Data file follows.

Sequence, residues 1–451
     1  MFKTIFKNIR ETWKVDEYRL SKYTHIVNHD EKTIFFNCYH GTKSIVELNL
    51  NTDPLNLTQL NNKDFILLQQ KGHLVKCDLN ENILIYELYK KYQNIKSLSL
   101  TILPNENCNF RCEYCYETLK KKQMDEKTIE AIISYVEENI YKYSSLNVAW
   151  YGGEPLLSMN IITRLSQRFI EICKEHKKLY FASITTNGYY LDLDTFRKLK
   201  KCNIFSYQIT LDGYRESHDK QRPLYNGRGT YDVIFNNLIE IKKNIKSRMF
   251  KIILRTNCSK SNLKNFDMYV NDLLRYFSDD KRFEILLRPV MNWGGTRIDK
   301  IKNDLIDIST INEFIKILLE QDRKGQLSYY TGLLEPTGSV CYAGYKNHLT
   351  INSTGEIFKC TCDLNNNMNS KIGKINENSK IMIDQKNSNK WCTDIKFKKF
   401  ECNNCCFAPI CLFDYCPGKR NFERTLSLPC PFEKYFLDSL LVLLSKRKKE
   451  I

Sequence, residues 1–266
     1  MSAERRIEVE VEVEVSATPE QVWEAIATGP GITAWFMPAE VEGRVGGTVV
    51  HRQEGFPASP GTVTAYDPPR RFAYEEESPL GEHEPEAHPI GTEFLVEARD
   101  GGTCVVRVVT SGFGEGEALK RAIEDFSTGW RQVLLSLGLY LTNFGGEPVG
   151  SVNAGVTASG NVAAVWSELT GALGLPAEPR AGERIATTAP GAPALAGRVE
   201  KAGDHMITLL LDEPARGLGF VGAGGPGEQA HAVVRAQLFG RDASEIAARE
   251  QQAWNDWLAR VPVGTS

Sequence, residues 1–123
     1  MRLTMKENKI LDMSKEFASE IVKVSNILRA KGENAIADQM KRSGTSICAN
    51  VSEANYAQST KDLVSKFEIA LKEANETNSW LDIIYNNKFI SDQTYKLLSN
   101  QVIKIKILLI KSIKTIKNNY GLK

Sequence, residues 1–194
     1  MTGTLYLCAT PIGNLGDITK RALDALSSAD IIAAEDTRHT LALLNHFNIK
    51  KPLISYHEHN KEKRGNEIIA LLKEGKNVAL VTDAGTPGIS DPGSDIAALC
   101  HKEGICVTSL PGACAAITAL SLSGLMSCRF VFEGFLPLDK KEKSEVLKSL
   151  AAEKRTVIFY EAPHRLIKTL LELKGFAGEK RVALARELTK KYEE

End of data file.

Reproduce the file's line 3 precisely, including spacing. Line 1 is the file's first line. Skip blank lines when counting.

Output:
    51  NTDPLNLTQL NNKDFILLQQ KGHLVKCDLN ENILIYELYK KYQNIKSLSL